I spent the last few days down in Tennessee, just outside of Nashville. Monday afternoon I recorded some vocals for an upcoming project my brother-in-law is working on.
It was in a cool studio. We used a Neumann U87 and ran it through a nice Amek mic pre. It sounded really nice.
It’s been a long time since I tracked vocals outside of my home studio. I’m used to being the only one there, wearing both the engineer hat and the musician hat. We’ve all done it a hundred times. You hit record, run over to the mic, record the take, run back to the computer, stop recording, listen, run back to the mic and do it again.
Whenever I record vocals by myself, nerves never enter the picture. It’s just me, after all. If my voice sounds awful, big deal. That’s what delete buttons are for, right? No one ever has to know.
Adding a second person to the equation will inevitably affect you. Even someone you’re close to, like my brother-in-law, will still have an effect on your nerves. You instantly become very aware that someone else is listening to you.
I experienced this a bit. It wasn’t a full-on “I’m about to sing in front of hundreds of people at Carnegie Hall” feeling. I wasn’t nervous, but I was still aware that someone else would be hearing every note I sang.
The result? I held back for a while. The first few takes were very subdued. I was singing more softly than I normally would, and the performance just sounded flat and lifeless.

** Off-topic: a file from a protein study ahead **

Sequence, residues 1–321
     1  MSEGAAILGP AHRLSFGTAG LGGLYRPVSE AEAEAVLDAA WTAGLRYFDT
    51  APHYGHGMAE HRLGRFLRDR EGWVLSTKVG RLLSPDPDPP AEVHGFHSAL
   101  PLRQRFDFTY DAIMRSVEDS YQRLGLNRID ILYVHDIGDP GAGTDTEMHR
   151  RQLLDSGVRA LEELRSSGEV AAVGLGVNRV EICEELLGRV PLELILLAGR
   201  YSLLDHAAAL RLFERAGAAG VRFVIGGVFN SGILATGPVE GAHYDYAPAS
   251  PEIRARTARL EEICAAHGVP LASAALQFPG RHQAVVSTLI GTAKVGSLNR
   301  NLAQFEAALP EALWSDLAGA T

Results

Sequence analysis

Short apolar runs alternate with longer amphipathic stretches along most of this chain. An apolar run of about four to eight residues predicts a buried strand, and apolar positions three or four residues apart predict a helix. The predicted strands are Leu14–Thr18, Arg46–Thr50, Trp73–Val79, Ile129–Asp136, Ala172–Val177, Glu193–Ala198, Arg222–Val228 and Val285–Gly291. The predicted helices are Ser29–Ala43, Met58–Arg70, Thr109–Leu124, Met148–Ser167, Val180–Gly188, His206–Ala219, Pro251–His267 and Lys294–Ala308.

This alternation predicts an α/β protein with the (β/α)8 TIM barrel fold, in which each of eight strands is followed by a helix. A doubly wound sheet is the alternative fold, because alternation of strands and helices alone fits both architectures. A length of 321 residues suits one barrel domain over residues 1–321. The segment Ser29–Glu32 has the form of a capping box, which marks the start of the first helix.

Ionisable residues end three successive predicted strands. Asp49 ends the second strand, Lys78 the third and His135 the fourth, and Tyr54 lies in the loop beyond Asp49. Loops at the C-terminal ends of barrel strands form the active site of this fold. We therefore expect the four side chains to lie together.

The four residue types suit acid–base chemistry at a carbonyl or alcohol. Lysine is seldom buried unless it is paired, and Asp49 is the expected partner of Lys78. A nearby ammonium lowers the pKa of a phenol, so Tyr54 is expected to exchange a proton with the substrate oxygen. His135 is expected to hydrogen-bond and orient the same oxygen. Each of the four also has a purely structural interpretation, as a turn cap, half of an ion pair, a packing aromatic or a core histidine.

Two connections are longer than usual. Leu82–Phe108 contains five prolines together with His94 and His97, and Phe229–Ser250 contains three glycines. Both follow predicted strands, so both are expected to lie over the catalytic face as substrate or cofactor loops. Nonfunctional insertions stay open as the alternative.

Aside from the fact that I wasn’t by myself, there were a few other factors that lead to my less-than-stellar performance at first:
- Unfamiliar surroundings – I was singing in a studio I had never been to before, using headphones I’d never used before, and standing on some sort of foam mat that squeaked under my feet. None of these are big deals, but they were simply different from the environment I’m used to.
- Different style of music – The song I was singing was in a very different style from what I normally sing. It sounds really cool, but I simply haven’t sung much in that genre (more electronic than rock). Again, this isn’t a huge issue, but it put me slightly out of my comfort zone.
Take it easy
Whenever you bring a singer into your studio, make every effort to make them comfortable. Make them laugh, keep things light. The less pressure they feel to nail a performance, the more likely they are to actually nail it.
Keep things fun. When’s the last time you heard an amazing vocal performance from someone who looked they were scared to death? If the singer is having fun, they are much more likely to give an emotional, captivating performance.
Joke around with the singer between takes. Make them laugh. Threaten to punch them in the spleen. Whatever it takes.
This is what happened with me. (Not the getting punched in the spleen, but the goofing around.) My brother-in-law and I started goofing around with each other more. We would make jokes between takes. I would make jokes between verses, etc. The last two takes ended up being really good. The first two? Not so much.
I’m not saying joking around is a necessity for a good recording. Some singers may not respond well to jokes. If the song is a more serious one, perhaps joking wouldn’t be appropriate. Maybe lighting a few candles would help, or dimming the lights.
The main point here is to keep in mind that as an engineer or producer, you are also the resident studio psychologist. You’re responsible for making the artist comfortable. Otherwise, you won’t be happy with the performance. It’s in everyone’s best interest to make the musicians comfortable. It’ll be well worth the effort.